This online seminar aims to provide a platform to learn about cutting-edge studies on eco-materials and exchange thoughts with peers.
It is a common conception that when a material is stretched it becomes narrower. However, when an auxetic metamaterial is stretched it has the counterintuitive property of becoming wider. This is because the properties of an auxetic material are determined by its lattice arrangement and not by the materials properties of the individual solid elements. Because the expansion of the solid surface area is due to increased space between the solid elements, this allows new types of superhydrophobic, hemi-wicking, and liquid-infused surfaces.
The seminar will describe the theory for a hydrophobic bow-tie element based auxetic lattice constructed with joints that rotate under strain to create a hexagonal lattice. This creates an auxetic superhydrophobic material with a negative Poisson’s ratio with unique properties which can be converted by strain to a conventional superhydrophobic material with a positive Poisson’s ratio. It complement these theoretical ideas with experimental results using surfaces designed with micro-scale bow-tie lattice structures implemented lithographically in SU-8 and PDMS. The event will show how the wetting gives a new type of superhydrophobicity on these surfaces for different lattice configurations and will also discuss how metastable suspended droplets on these lattices convert into penetrating droplets as their surface tension is reduced.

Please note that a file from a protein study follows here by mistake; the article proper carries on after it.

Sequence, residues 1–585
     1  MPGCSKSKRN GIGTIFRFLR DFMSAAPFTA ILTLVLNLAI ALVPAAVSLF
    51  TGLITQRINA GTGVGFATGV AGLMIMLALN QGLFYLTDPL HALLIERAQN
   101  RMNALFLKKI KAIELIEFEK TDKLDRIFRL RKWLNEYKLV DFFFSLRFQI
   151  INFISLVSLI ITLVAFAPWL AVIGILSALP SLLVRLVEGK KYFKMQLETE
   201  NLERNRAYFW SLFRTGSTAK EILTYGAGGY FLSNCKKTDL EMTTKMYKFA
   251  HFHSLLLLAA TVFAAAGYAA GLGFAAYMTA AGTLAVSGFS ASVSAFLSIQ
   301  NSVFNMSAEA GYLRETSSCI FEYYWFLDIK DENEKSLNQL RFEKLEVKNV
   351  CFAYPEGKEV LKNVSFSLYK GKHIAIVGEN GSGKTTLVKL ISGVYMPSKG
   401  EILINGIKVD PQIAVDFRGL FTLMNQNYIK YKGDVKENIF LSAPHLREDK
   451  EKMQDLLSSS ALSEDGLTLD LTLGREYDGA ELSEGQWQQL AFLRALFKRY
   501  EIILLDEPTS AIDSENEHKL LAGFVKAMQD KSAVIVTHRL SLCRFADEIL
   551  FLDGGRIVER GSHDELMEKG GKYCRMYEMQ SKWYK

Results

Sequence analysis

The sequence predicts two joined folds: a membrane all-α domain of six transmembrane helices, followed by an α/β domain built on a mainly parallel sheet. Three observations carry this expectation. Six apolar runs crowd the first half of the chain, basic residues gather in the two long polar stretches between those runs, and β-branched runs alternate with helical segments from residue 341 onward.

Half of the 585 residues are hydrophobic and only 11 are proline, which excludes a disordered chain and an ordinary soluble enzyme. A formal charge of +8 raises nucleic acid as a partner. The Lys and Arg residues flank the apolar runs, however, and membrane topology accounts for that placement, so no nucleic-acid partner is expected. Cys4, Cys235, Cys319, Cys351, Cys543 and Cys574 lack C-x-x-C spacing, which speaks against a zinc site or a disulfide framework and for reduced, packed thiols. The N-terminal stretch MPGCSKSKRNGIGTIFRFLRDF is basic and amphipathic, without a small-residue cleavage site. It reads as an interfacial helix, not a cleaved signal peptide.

- Glen McHale, The University of Edinburgh, UK
- Bin Xu, University of Northumbria at Newcastle, UK